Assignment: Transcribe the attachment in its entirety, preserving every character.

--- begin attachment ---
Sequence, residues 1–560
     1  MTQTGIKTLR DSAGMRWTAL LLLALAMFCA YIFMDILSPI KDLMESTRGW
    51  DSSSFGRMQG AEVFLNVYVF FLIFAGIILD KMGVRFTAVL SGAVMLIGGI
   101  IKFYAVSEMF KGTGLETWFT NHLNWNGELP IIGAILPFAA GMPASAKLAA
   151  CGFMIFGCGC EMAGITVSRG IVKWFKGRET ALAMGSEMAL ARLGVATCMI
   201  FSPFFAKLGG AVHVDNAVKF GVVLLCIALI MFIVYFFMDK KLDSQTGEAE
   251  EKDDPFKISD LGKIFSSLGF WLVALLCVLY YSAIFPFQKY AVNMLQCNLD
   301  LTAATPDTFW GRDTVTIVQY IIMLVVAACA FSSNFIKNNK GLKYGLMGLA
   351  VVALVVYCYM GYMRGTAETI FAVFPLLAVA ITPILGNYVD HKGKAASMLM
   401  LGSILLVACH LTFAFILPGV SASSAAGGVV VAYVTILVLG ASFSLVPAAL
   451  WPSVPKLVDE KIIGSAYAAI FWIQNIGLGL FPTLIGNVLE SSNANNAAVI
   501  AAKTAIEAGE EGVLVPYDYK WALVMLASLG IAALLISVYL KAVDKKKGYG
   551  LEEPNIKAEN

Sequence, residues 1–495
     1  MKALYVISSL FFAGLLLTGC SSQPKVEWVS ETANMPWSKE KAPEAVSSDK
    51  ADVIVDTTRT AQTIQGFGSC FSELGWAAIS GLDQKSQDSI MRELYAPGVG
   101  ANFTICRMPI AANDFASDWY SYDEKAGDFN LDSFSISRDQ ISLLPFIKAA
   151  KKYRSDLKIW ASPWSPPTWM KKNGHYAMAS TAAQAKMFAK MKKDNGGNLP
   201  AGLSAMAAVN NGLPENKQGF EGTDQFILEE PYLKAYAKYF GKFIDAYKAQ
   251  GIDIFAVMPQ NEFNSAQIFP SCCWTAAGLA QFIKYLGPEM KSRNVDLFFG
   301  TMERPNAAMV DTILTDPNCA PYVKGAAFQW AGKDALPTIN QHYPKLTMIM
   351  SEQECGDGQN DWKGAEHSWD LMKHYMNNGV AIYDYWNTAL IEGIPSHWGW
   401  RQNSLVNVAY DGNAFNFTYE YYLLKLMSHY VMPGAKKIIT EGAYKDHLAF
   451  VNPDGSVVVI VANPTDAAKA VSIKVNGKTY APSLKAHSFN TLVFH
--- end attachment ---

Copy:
Sequence, residues 1–560
     1  MTQTGIKTLR DSAGMRWTAL LLLALAMFCA YIFMDILSPI KDLMESTRGW
    51  DSSSFGRMQG AEVFLNVYVF FLIFAGIILD KMGVRFTAVL SGAVMLIGGI
   101  IKFYAVSEMF KGTGLETWFT NHLNWNGELP IIGAILPFAA GMPASAKLAA
   151  CGFMIFGCGC EMAGITVSRG IVKWFKGRET ALAMGSEMAL ARLGVATCMI
   201  FSPFFAKLGG AVHVDNAVKF GVVLLCIALI MFIVYFFMDK KLDSQTGEAE
   251  EKDDPFKISD LGKIFSSLGF WLVALLCVLY YSAIFPFQKY AVNMLQCNLD
   301  LTAATPDTFW GRDTVTIVQY IIMLVVAACA FSSNFIKNNK GLKYGLMGLA
   351  VVALVVYCYM GYMRGTAETI FAVFPLLAVA ITPILGNYVD HKGKAASMLM
   401  LGSILLVACH LTFAFILPGV SASSAAGGVV VAYVTILVLG ASFSLVPAAL
   451  WPSVPKLVDE KIIGSAYAAI FWIQNIGLGL FPTLIGNVLE SSNANNAAVI
   501  AAKTAIEAGE EGVLVPYDYK WALVMLASLG IAALLISVYL KAVDKKKGYG
   551  LEEPNIKAEN

Sequence, residues 1–495
     1  MKALYVISSL FFAGLLLTGC SSQPKVEWVS ETANMPWSKE KAPEAVSSDK
    51  ADVIVDTTRT AQTIQGFGSC FSELGWAAIS GLDQKSQDSI MRELYAPGVG
   101  ANFTICRMPI AANDFASDWY SYDEKAGDFN LDSFSISRDQ ISLLPFIKAA
   151  KKYRSDLKIW ASPWSPPTWM KKNGHYAMAS TAAQAKMFAK MKKDNGGNLP
   201  AGLSAMAAVN NGLPENKQGF EGTDQFILEE PYLKAYAKYF GKFIDAYKAQ
   251  GIDIFAVMPQ NEFNSAQIFP SCCWTAAGLA QFIKYLGPEM KSRNVDLFFG
   301  TMERPNAAMV DTILTDPNCA PYVKGAAFQW AGKDALPTIN QHYPKLTMIM
   351  SEQECGDGQN DWKGAEHSWD LMKHYMNNGV AIYDYWNTAL IEGIPSHWGW
   401  RQNSLVNVAY DGNAFNFTYE YYLLKLMSHY VMPGAKKIIT EGAYKDHLAF
   451  VNPDGSVVVI VANPTDAAKA VSIKVNGKTY APSLKAHSFN TLVFH